So you get two reviews for the price of one today. Mine and my teenagers. (I colour coded the two so you could keep track of who thought what.)
The Aetherlight is an action adventure game that is constructed as a Biblical allegory. Much like the way the Narnia Chronicles have inspired and engaged readers for generations, New Zealand Scarlet City Studios, partnered with American Bible Society, is hoping to invite a generation of gamers to interact directly with the Bible and its powerful story.
Tim Cleary, an Australian Youth Pastor set out to design a game to bring the scriptures to where the kids were at. Online. Its a new generation our kids are living in and as parents we need to offer them as many opportunities as we can to touch, hear and feel the Living Breathing Word of God. I'm all for that!
As a parent, that sounds like a great way to use up some of my kids "screen time". My kids are almost all grown up with only one left still at home in high school and two on to college. However, I always felt better when my kids spent time on electronic devices that had more to them than just "playing".
So, why not let your kids "engage with the Resistance as they begin their immense task of restarting the Great Engines to drive back the fog and find the Great Engineer. This adventure will take (them) throughout the entire land of Aethasia, from No Man’s Landing, through the Snowmoors and Giant Seed Forest, right to the Ends of the Earth Falls!" (Quote taken from the Scarlet City Studio website.)
From my perspective, the game was complex and confusing to start with. It took me quite some time to figure out how to move and make anything happen on screen. Thankfully, it took my kids all of a split second to recognize it was a point and click game. (If you don't know what that means, ask your kids.)
However, the creators of the game wanted the kids to be interacting with the content and other users more than that so they blended the point/click experience with an RPG format. This basically means that your child becomes one of the characters in the game and can choose how they interact with the on-screen activities.
The basic concept seemed to be an adventure set up where your character is given challenges to accomplish. This involves finding items, building useful tools and contraptions, and fighting off the Automatons, the bad-guys army.
Overall, I was frustrated by the experience of the game, constantly thrown in battles while I wanted to be focused on the discovery of missing items. However, once my son took over the keyboard, I realized there was so much more to the adventure. Due to his already competent gaming skills, he knew where to move and how to engage deeper aspects than the obvious. The game came alive. He discovered for me that you could invite others playing the online game into your battles to help you. You could join theirs. You could chat with other players asking for info or help. You could also change your clothing and personalize your player.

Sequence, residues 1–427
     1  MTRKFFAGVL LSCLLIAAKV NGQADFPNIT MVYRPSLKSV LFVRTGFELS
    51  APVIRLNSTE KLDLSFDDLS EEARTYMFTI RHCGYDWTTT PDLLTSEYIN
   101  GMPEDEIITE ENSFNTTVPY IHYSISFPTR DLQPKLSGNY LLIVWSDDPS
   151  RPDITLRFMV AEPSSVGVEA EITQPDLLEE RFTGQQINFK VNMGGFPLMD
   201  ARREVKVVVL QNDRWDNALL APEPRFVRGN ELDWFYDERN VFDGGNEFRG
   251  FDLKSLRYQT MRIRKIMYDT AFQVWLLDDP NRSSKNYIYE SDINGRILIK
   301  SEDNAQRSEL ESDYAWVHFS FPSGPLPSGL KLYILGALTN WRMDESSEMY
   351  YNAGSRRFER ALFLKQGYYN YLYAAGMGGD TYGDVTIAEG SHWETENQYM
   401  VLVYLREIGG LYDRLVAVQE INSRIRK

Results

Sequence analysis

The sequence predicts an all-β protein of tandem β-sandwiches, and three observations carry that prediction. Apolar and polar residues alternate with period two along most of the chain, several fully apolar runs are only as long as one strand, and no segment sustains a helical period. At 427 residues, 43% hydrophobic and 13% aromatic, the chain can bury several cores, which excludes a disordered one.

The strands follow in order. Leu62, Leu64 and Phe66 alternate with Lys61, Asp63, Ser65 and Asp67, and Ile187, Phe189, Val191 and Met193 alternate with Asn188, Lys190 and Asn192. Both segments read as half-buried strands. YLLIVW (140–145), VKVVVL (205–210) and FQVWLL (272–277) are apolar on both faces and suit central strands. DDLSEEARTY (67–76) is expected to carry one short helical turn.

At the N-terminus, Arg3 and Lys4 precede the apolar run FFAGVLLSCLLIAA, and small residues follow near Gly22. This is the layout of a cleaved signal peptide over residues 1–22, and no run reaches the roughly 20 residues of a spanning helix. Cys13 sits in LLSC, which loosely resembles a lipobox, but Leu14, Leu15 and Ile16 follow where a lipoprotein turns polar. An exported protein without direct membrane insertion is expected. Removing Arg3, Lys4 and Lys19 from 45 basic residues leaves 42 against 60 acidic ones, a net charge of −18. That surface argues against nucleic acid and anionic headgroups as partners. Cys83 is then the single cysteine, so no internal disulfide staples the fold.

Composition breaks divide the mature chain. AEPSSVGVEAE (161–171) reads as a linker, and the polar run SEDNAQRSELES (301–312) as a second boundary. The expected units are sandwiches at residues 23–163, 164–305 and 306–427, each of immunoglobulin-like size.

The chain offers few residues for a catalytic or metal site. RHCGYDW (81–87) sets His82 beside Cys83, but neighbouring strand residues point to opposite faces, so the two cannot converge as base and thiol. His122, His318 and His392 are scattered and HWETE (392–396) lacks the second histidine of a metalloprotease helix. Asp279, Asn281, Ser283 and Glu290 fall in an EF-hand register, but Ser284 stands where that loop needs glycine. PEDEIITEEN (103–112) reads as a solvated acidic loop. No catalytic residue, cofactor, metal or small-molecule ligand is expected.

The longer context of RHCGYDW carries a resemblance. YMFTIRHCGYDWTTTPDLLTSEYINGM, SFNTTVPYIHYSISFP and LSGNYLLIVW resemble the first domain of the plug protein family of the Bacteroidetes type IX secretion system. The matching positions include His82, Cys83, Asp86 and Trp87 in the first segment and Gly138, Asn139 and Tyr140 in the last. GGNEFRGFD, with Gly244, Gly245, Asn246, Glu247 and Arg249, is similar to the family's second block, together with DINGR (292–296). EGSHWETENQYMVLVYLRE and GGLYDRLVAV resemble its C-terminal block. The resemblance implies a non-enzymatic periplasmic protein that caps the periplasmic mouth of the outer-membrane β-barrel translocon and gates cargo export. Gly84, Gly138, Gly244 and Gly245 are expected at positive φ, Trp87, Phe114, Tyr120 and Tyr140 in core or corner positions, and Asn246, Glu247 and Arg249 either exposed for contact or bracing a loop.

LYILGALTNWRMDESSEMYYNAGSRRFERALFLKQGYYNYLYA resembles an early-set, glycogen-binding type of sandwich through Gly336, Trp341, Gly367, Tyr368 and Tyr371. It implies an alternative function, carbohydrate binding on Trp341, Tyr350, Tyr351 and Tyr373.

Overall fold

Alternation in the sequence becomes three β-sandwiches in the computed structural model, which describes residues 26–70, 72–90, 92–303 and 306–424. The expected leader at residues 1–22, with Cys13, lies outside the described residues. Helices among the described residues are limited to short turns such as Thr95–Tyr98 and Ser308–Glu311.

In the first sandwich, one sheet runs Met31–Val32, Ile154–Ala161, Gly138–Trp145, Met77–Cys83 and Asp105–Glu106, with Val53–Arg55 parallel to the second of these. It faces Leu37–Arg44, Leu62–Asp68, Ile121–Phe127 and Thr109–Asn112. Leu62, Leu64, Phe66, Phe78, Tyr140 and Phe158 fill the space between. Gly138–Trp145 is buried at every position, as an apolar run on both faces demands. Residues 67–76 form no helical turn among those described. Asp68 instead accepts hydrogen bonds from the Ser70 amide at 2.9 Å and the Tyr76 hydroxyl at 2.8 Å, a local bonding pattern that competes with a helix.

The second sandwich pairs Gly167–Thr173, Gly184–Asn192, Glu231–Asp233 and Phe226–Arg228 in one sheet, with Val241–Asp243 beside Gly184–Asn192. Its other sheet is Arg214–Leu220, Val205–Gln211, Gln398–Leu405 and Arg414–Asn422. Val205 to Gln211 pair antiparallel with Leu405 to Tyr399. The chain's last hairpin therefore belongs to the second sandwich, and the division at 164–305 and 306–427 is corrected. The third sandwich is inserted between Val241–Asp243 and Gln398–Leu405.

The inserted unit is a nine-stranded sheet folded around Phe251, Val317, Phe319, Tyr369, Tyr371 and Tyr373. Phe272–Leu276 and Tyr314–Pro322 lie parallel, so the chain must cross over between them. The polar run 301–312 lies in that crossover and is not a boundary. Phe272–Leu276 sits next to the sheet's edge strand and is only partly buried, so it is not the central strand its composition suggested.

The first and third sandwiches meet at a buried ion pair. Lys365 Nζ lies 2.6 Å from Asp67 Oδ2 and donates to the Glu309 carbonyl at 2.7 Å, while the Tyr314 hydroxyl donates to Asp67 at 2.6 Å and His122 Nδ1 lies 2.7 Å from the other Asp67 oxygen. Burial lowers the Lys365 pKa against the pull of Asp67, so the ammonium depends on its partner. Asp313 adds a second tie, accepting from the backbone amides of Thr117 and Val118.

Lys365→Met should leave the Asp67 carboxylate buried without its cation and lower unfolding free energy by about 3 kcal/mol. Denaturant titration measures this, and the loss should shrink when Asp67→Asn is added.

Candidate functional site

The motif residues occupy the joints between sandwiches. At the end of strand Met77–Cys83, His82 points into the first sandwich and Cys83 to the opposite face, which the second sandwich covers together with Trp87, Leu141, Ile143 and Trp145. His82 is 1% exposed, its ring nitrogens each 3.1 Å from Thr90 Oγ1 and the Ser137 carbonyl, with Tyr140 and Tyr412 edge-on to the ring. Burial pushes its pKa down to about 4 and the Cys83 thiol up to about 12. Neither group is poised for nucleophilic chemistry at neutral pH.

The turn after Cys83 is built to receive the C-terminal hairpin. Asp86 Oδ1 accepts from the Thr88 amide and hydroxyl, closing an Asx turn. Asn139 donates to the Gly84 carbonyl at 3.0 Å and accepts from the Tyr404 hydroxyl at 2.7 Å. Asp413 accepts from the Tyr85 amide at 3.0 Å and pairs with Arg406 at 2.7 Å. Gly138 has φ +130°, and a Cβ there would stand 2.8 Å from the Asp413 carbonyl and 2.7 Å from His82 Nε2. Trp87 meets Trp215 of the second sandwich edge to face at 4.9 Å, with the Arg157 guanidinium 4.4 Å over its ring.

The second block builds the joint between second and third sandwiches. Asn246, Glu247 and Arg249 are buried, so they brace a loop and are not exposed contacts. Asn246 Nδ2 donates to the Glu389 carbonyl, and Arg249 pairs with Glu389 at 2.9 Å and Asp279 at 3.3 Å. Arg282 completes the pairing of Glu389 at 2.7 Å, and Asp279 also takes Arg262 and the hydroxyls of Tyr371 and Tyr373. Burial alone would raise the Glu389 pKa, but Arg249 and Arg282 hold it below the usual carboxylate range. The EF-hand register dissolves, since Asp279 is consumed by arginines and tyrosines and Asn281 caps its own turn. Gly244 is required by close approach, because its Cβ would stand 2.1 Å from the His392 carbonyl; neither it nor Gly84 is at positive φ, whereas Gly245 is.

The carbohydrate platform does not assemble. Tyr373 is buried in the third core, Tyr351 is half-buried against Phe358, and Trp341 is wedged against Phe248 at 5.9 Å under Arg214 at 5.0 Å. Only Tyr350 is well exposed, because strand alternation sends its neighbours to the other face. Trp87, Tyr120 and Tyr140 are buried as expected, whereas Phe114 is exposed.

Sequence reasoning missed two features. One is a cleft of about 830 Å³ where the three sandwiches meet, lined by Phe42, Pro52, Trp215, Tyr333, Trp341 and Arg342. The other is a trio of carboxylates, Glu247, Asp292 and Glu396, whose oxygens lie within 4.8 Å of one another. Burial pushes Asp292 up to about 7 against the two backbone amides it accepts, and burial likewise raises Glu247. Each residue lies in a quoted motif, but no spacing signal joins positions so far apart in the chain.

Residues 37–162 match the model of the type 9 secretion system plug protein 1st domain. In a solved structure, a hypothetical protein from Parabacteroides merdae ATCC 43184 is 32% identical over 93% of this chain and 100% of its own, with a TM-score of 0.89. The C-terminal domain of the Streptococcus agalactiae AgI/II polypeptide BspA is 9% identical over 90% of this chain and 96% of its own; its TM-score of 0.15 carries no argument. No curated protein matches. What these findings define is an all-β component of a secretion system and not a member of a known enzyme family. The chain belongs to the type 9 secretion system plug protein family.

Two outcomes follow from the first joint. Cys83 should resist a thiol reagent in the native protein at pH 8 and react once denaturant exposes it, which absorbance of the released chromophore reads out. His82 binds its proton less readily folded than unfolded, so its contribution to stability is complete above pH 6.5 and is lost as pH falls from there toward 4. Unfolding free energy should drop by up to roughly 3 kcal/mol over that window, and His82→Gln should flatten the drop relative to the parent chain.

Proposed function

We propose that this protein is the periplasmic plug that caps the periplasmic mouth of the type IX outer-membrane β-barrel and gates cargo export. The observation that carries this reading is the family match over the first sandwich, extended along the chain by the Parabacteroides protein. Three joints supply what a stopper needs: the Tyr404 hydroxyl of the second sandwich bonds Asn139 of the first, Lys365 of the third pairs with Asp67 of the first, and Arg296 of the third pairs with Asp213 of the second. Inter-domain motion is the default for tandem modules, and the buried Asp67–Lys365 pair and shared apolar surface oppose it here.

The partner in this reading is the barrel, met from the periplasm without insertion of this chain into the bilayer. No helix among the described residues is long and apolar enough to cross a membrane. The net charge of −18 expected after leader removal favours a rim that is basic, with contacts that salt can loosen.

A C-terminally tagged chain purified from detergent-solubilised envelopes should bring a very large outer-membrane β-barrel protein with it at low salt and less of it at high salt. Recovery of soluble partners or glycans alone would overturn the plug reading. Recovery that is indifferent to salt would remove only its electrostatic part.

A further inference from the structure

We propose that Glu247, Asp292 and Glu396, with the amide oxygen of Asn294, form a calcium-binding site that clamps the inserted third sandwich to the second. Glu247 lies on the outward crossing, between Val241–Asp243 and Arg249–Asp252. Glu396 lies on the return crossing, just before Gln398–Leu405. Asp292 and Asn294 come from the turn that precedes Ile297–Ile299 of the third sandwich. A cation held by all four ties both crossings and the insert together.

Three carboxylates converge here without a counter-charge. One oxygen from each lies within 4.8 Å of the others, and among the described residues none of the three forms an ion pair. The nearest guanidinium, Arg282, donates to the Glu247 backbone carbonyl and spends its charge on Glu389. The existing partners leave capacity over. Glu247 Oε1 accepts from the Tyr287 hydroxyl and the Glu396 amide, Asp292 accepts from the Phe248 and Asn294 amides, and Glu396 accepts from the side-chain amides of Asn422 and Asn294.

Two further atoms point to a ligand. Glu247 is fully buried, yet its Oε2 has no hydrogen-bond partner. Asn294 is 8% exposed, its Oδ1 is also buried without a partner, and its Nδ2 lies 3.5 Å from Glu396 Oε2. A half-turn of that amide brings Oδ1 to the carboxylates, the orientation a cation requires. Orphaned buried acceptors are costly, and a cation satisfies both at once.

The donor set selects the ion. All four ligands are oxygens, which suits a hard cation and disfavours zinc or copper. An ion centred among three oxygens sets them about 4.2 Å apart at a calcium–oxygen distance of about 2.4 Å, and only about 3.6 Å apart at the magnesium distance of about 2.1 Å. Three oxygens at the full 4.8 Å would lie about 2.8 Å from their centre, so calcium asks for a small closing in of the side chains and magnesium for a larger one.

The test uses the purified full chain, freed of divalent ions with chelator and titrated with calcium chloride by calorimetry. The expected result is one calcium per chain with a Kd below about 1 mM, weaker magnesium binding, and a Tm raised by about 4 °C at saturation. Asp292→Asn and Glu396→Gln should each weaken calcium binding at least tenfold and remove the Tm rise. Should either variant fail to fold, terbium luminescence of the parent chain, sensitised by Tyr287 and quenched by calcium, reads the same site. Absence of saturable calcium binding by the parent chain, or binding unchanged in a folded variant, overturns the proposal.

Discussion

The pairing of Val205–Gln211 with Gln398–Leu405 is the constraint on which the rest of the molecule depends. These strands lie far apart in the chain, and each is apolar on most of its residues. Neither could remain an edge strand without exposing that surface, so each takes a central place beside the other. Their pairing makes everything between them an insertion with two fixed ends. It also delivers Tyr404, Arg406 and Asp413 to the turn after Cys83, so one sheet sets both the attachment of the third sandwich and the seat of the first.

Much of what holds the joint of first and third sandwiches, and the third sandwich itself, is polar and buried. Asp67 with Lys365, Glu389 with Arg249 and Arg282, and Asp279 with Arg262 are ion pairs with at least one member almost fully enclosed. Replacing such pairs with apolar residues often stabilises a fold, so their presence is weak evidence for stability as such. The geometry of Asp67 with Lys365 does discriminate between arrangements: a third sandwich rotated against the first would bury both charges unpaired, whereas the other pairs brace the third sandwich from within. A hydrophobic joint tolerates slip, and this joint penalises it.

Wow, who knew?
Basically my kids thought the game was fun and interactive. It had a few quirks that slowed down the progress of the players, such as the flee button and the slow transition from world to world. However they didn't feel it would stop them from playing.
The game is targeted to pre-teen aged kids. This is due to the vocabulary and the violence I imagine. The violence was not extreme for a video game. It had bothered me a bit at first, seeming so unnecessary. My son assured it was tame and fit the story well. As a parent I would just say that it is very cartoonish violence. Your player in involved in a battle with a robot. You swing and thump it with a pipe or shoot it with a gun until it breaks. However, you take turns at hits, allowing the robot then to fire at you or thump you with a weapon. My player took several canon balls to the stomach. That is what I meant by unnecessary. Even a woman in a wheelchair gets thumped by a metal pipe several times. This perhaps was my biggest concern.
There is a lot of reading involved. The characters give orders through bubble chats. If you have a reluctant or slow reader, a parent might need to sit with them to get the full meaning of the game. However my son, very proficient with games managed to play quite well without reading any of the bubbled information. (Not sure that is a positive??) The reading component is how your child engages with the scriptures. Perhaps if you progress through the game farther than we did you will find other ways to bring the Biblical content in.
Overall, I would allow my kids to play this game as young kids. It was engaging and entertaining. The content is clean and the chats are protected. There is a parent dashboard allowing the parent to control certain aspects of the playing experience for the child, such as password resets, disabling the chat options and blocking access to the game itself. This is good to know.
I give Aetherlight: Chronicles of the Resistance a thumbs up! So do my teens.
Please note that Tyndale has a companion bible available in store and online, the Aetherlight Bible for teens.
Go check it our for yourself!
- Aetherlight: Chronicles of the Resistance. website
- Game available at the Apple App store and Google Play.
- Also on Facebook.
- Youtube game trailer.
I received a copy of the game free of charge from BuzzPlant in exchange for my honest review. I was not required to only give positive feedback.